The cornea is the outermost layer of the eye and is a vital component of focusing incoming light on the retina. Central corneal thickness (CCT) is now recognized to have a significant role in ocular health and is a risk factor for various ocular diseases, such as keratoconus and primary open angle glaucoma. Most previous genetic studies utilized European and Asian subjects to identify genetic loci associated with CCT. Minority populations, such as Latinos, may aid in identifying additional loci and improve our understanding of the genetic architecture of CCT. In this study, we conducted a genome-wide association study (GWAS) in Latinos, a traditionally understudied population in genetic research, to further identify loci contributing to CCT. Study participants were genotyped using either the Illumina OmniExpress BeadChip (∼730K markers) or the Illumina Hispanic/SOL BeadChip (∼2.5 million markers). All study participants were 40 years of age and older. We assessed the association between individual single nucleotide polymorphisms (SNPs) and CCT using linear regression, adjusting for age, gender, and principal components of genetic ancestry. To expand genomic coverage and to interrogate additional SNPs, we imputed SNPs from the 1000 Genomes Project reference panels. We identified a novel SNP, rs10453441 (P = 6.01E-09), in an intron of WNT7B that is associated with CCT. Furthermore, WNT7B is expressed in the human cornea. We also replicated 11 previously reported loci, including IBTK, RXRA-COL5A1, COL5A1, FOXO1, LRRK1, and ZNF469 (P < 1.25E-3). These findings provide further insight into the genetic architecture of CCT and illustrate that the use of minority groups in GWAS will help identify additional loci.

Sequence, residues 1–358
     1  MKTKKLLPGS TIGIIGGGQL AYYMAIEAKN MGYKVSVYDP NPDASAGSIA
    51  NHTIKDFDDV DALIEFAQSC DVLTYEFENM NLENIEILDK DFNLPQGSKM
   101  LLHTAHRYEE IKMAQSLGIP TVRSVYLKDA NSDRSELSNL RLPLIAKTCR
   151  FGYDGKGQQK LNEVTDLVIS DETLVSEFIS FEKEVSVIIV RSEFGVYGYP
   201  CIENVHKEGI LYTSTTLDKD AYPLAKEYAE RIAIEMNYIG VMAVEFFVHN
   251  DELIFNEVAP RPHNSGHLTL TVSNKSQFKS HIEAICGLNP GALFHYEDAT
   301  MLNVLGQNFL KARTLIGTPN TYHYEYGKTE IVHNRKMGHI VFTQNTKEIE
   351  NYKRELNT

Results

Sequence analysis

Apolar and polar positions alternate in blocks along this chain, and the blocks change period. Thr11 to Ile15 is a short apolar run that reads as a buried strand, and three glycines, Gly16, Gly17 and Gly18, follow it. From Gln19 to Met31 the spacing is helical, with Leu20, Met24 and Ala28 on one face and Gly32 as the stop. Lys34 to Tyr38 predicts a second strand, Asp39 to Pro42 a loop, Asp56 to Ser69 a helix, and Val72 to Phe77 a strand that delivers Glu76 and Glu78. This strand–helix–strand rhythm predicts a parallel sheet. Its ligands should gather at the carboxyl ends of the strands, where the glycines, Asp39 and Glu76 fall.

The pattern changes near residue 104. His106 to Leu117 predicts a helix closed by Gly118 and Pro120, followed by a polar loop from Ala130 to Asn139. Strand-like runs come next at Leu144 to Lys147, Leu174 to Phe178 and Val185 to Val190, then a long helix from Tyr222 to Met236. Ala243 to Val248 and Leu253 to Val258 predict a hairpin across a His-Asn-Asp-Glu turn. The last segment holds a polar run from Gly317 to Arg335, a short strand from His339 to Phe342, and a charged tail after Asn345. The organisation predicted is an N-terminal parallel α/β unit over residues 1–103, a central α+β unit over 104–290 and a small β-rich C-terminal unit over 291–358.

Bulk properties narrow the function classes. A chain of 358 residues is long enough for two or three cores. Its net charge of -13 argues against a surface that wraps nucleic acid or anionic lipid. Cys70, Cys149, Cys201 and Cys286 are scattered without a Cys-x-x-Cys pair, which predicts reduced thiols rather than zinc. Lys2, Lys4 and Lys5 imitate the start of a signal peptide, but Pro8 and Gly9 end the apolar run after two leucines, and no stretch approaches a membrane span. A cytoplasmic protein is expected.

Goldstein JM, Tabebordbar M, Zhu K, Wang LD, Messemer KA, Peacker B, Ashrafi Kakhki S, Gonzalez-Celeiro M, Shwartz Y, Cheng JKW, Xiao R, Barungi T, Albright C, Hsu Y-C, Vandenberghe LH, Wagers AJ. In Situ Modification of Tissue Stem and Progenitor Cell Genomes. Cell Rep 2019;27(4):1254-1264.e7.Abstract